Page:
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These are certainly strange and dangerous times we are living in. Climate change, political upheaval, pandemics, murder hornets, and an unstable economy all lead to a mix of fear and mistrust. Fear and mistrust can lead to the rise of crime on a personal level and a global platform. Cybercrime is no exception. 

The risk and severity of cyber attacks have clearly grown over the past few years. In fact, since 2018, humankind has witnessed some of the most horrific cases of cybercrimes related to massive data breaches, flaws in microchips, crypto jacking, and many others.

Every day we read news related to cybersecurity threats like ransomware, phishing attacks, or IoT (Internet of Things)-based attacks. However, 2020 comes with a whole new level of cybersecurity threats that businesses and municipalities need to be aware of. This topic is too large to address all of the risks and attacks, so I will narrow the scope to only a few things, but the key point is to stay alert to what you are seeing on your monitors and think before you click.

Cyber attacks are up 37 percent over the past few months, according to Infosecurity magazine. This should not come as a surprise in light of COVID-19 and people being isolated at home, online education, increased web surfing, a surge in online shopping, increased social media usage, and virtual meetings. As a result of all of this, online activity phishing attempts have soared by over 600 percent since the end of February, including traditional impersonation scams but also business email compromise (BEC) and extortion attacks, according to Barracuda Networks. 

Among the most recent cyberattacks in 2020, ransomware/malware is still the most common. Ransomware attacks are still at the top of the list of hacks that are being used to extort money from people as well as towns and municipalities across the country. The other two top attack types are phishing and spoofing website addresses.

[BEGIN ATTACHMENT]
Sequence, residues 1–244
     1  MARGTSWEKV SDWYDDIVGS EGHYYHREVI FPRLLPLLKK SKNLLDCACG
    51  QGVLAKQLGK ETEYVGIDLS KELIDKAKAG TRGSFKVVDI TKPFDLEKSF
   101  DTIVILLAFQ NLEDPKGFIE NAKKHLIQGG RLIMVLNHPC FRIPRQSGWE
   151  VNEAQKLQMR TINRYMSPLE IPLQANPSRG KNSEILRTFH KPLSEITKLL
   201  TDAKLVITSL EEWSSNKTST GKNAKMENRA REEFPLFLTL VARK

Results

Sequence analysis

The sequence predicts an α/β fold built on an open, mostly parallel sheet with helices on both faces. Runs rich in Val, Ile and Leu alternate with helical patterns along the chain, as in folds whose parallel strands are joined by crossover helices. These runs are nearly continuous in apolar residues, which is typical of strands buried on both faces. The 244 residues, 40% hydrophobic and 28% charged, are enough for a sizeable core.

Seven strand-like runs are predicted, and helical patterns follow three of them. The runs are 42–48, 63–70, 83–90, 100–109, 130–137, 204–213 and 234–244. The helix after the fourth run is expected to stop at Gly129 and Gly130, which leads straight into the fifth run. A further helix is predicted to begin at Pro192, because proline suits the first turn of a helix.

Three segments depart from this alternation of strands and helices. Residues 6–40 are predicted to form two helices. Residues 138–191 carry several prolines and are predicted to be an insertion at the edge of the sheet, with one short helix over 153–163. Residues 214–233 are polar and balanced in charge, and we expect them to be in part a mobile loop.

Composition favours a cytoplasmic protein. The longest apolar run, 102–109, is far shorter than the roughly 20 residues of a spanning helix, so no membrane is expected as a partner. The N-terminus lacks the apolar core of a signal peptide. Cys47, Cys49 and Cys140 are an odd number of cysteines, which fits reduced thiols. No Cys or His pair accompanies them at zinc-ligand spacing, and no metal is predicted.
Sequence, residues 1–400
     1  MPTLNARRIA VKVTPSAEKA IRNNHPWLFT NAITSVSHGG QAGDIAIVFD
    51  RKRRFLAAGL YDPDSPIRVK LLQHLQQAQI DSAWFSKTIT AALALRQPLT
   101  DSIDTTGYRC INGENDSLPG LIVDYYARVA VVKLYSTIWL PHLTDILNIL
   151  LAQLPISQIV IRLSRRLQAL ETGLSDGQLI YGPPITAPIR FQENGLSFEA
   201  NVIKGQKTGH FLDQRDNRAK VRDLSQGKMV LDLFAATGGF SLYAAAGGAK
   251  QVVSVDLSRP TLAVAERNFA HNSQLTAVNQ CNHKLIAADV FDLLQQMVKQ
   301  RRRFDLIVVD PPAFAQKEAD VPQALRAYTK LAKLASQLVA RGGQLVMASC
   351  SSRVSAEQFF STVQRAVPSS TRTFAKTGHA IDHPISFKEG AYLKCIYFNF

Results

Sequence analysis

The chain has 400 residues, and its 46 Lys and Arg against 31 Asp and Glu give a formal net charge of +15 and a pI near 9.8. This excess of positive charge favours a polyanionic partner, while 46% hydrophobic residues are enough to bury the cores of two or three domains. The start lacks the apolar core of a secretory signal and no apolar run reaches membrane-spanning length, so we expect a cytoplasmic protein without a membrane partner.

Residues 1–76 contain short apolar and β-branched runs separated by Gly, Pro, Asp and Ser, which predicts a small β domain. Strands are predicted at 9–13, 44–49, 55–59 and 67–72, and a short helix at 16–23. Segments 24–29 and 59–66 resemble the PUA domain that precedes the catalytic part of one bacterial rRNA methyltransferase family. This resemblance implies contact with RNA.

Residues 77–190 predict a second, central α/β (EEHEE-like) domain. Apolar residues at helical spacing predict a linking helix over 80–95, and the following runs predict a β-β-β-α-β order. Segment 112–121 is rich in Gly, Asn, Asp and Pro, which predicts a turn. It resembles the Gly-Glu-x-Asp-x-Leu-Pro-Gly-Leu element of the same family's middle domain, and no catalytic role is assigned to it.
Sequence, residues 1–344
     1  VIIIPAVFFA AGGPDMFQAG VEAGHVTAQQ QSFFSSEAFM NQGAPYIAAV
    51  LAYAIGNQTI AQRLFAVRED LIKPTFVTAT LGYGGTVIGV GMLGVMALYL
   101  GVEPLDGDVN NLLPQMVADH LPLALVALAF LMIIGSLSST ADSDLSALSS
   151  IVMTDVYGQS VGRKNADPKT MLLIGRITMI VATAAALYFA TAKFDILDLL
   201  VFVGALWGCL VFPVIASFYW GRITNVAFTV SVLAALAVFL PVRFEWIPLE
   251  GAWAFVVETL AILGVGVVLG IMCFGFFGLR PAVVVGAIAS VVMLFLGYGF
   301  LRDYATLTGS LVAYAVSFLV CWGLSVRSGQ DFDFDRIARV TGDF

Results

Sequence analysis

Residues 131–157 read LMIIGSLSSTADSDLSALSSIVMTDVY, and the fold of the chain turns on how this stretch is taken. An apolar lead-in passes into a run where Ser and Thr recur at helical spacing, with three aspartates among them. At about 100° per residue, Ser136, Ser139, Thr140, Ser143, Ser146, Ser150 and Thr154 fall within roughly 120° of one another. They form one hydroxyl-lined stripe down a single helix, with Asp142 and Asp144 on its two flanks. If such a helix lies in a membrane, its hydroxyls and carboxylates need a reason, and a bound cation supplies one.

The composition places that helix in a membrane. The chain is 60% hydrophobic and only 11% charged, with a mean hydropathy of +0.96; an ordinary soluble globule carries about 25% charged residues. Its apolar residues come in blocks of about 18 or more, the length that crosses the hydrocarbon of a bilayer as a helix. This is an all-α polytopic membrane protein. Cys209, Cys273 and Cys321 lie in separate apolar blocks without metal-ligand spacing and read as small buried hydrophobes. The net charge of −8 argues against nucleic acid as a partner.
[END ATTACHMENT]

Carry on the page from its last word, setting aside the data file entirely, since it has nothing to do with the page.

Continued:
In most ransomware cases, the identities and whereabouts of the hackers are hidden by clever digital diversions. Intelligence officials, using data collected by the National Security Agency and others in an effort to identify the sources of the hacking, say many have come from Eastern Europe, Iran, and, in some cases, the United States. 

The majority of hackers have targeted small-town America, figuring that sleepy, cash-strapped local governments are the least likely to have updated their cyber defenses or backed up their data. Unfortunately, this is very true in Vermont. Towns, cities, and municipalities are sitting ducks for hackers. Lack of on-site IT personnel, and town office personnel not having proper cyber security awareness training, all lead to an opportunity for hackers to obtain personal data of citizens or financial information of towns. During tax season, for example, property taxes can be diverted into the accounts of hackers rather than those of the towns. 

According to government and private experts, the ransomware business is now proving so lucrative that the hackers are pouring some of their profits back into their own research and development, making their attacks more precise, and more clever.

Defense Against the Dark Arts (Hacking). All hope is not lost. While attackers always find new ways to fly under the radar, there are several ways that municipal employees can protect data from attacks in spite of the fact that funding to improve security is tight. 

If your town offices use external hard drives to back up data, the drives need to be detached after every backup because ransomware will scan a system and encrypt external drives along with any other drives used to store data. It is inconvenient to do this, but to protect the data it is necessary. Don’t forget to store the external drives in a locked place, such as a vault or room.